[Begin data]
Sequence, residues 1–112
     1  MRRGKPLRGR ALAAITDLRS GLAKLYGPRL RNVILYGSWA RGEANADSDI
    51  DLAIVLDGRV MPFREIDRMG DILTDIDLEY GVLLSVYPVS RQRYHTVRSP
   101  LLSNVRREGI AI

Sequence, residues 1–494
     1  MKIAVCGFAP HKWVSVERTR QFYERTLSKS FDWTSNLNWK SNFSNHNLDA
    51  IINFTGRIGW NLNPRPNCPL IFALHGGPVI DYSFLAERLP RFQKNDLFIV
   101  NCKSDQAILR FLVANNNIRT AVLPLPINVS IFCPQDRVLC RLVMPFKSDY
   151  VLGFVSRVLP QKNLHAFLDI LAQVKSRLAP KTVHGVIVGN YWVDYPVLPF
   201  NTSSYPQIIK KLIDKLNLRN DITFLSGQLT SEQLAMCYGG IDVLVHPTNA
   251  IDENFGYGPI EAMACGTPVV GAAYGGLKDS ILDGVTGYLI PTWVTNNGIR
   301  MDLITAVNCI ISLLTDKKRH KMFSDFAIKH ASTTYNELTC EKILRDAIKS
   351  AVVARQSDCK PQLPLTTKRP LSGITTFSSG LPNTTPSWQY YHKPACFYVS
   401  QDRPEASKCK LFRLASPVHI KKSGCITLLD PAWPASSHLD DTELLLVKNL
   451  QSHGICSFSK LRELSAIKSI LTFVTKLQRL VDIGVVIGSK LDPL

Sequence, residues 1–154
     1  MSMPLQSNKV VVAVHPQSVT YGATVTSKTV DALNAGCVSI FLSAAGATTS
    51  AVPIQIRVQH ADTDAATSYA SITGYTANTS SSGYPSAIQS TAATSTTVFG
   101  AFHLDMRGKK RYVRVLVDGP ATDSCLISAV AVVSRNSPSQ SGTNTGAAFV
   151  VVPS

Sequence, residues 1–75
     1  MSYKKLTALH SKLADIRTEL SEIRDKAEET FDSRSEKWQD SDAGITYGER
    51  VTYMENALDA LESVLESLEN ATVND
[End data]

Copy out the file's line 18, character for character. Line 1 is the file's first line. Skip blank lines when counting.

    51  AVPIQIRVQH ADTDAATSYA SITGYTANTS SSGYPSAIQS TAATSTTVFG